DURBAN: WHEN the president makes the effort, in spite of his busy schedule, to single you out for a conversation and says “You’re doing the country proud”, it’s something to crow about.
Durban wildlife conservationist Skye Meaker, 17, rated his recent five-minute-long conversation with President Cyril Ramaphosa at the World Economic Forum (WEF) in Davos last week as one of the highlights of his visit to Switzerland.
“Speaking to President Ramaphosa straight after his WEF address was a huge honour. He took time to get to know more about me and congratulate me, even though there were more than 20 TV cameras waiting for me to get out of the way,” said Skye.
While Ramaphosa wooed the international business community with his money talk, the 17-year-old was at the WEF to champion the cause of nature.
Skye, a Grade 11 pupil at Clifton School, was invited to the WEF as the Natural History Museum, London’s representative and delivered talks on nature at two well-attended forums.
The Durban North youngster, who returned from Davos this week, was chosen after winning the Natural History Museum’s young wildlife photographer 2018 honour.
As an avid photographer, Skye snapped a shot of a “lounging leopard”, waking from sleep in the Mashatu Game Reserve, Botswana, which was judged to be the best from among 45000 entries from around the world.
“They told me that I had been chosen because I had a unique story, I spoke well and I embodied what the competition was about,” he said.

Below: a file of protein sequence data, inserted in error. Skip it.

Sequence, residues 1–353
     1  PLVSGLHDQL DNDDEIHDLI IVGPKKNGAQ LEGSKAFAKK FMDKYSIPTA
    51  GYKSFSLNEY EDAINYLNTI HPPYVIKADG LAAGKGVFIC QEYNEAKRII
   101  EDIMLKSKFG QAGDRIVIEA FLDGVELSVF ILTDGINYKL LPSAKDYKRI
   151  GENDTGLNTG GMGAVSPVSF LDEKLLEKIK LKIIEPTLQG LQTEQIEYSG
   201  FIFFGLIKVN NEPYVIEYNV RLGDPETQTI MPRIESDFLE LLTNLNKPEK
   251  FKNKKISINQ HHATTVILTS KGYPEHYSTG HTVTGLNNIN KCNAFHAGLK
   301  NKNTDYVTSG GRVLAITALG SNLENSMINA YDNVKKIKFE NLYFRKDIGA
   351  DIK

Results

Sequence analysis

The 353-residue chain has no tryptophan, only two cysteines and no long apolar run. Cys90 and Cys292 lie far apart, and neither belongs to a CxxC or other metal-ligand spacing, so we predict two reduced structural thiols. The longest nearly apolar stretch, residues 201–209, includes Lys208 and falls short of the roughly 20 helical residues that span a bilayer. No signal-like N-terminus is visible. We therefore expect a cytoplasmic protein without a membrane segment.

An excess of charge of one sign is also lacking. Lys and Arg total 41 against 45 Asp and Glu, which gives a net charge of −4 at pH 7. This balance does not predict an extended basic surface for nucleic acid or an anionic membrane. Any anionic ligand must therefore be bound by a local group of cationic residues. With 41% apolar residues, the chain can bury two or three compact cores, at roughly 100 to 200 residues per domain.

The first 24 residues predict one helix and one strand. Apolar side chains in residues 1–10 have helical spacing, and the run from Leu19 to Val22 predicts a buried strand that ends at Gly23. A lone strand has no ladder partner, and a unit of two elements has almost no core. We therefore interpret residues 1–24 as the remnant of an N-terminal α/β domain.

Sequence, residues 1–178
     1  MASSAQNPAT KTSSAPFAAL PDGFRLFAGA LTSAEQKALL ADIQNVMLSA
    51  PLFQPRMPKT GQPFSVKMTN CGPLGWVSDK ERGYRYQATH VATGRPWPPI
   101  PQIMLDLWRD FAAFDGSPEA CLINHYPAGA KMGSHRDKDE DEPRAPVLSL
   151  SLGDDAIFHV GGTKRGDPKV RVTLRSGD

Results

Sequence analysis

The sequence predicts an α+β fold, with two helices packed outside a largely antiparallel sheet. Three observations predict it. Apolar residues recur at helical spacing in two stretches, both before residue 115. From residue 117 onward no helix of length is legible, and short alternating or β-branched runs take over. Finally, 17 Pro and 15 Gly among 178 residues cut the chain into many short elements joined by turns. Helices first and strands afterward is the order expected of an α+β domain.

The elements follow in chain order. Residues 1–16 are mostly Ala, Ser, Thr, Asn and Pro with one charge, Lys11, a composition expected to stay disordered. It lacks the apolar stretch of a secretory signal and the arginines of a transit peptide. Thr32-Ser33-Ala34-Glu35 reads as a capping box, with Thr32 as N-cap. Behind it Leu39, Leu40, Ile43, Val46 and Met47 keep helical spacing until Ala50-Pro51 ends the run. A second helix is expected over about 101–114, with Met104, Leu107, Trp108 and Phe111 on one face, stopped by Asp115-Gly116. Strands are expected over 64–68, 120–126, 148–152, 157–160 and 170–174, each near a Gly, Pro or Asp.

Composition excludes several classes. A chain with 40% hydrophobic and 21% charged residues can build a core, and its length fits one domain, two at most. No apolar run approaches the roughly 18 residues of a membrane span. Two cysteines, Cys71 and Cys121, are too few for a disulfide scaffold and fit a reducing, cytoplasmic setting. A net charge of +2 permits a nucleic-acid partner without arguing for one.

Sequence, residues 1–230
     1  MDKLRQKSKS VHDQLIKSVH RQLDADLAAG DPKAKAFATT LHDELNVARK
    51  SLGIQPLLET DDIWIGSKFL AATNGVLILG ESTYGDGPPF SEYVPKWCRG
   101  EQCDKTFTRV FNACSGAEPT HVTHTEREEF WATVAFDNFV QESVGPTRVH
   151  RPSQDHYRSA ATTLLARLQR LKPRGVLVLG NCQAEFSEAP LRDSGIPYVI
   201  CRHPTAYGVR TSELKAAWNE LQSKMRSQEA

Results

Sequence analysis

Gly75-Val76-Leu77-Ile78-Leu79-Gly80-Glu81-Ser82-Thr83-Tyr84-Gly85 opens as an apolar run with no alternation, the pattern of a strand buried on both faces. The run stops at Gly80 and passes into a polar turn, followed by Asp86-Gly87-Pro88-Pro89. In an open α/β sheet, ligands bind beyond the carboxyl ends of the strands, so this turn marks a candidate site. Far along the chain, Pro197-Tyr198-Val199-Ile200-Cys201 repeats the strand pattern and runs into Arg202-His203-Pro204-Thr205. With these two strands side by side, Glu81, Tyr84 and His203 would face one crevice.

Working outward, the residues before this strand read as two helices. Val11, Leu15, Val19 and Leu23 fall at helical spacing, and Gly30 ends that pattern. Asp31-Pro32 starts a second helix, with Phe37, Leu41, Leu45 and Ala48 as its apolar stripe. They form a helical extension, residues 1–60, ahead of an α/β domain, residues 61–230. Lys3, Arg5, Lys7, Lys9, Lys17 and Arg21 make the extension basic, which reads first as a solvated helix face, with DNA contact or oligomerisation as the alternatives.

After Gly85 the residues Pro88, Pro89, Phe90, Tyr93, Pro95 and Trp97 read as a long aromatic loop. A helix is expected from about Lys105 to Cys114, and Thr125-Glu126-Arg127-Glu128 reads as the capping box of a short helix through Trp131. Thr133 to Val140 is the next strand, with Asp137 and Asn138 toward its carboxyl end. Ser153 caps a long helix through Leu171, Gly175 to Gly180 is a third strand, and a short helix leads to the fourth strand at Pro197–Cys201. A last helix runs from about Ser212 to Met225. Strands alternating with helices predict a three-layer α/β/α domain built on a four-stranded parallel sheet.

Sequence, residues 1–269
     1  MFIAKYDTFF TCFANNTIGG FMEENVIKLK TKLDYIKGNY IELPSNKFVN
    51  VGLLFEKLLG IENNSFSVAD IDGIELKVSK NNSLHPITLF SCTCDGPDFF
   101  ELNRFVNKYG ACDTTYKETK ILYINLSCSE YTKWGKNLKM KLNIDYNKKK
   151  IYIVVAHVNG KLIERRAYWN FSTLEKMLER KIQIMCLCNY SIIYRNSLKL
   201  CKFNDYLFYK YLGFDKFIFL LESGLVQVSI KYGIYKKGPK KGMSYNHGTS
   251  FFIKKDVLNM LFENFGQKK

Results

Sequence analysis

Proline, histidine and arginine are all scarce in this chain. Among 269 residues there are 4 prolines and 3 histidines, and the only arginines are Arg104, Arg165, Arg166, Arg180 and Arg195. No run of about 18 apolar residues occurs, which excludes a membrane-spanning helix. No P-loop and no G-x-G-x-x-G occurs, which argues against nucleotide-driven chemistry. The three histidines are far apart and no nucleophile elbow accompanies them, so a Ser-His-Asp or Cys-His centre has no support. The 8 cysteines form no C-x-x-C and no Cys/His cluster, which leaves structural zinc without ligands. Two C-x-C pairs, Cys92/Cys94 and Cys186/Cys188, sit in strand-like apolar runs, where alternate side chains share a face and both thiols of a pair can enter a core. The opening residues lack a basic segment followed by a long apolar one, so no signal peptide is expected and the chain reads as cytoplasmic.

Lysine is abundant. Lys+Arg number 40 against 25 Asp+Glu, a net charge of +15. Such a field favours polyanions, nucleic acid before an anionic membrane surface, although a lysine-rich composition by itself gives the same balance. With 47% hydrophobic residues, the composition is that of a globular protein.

Soraia Salvador, Wildlife Photographer of the Year programme manager, said: “The reason we chose Skye is that we wanted Davos to listen to the perspective of the younger generations that will inherit the planet.
"All the decisions taken in Davos by the world leaders will affect the next generation profoundly.
“We want to inspire the next generation of photographers and young people by giving them a voice that they can make a difference to the planet if they are given a chance.”
Salvador said the teenager was a fantastic speaker and communicator, very enthusiastic, “so it wasn’t difficult for us to make this decision to invite him”.
At Davos, Skye became WEF’s first under 18 participant.
His talks were broadcast around the world, journalists queued to interview him afterwards, and he was well received by the locals.
Apart from meeting President Ramaphosa, and sharing the stage at a forum with his conservation icon Jane Goodall, he got to meet various other celebrities and business leaders.
“It was an amazing and mind-blowing experience. A week was not enough time to take in all of it. I was also stunned at how easy it was to interact with people, even celebrities like Sir David Attenborough.”
He said he had been working on his WEF address for two months. Once he started talking, he realised: “I got this, even though I was able to hide my nervousness.”
In raising animal extinction awareness, Skye was able to use his photography, while speaking at the Betazone Auditorium, to better depict his message and inspire people to embrace conservation.
Another high for him was when he was nominated as a discussion leader at a closed dinner hosted by National Geographic.
Looking back, Skye said his conservation work started when his father Shawn gifted him a camera for his 7th birthday. “I used the camera as props when speaking in Davos. It still remains my pocket rocket.
“As a photographer, I consider myself the middle man. I take people to the bush with my pictures.
“Many people I spoke to at Davos, apart from conservationists, have never seen a black rhino.”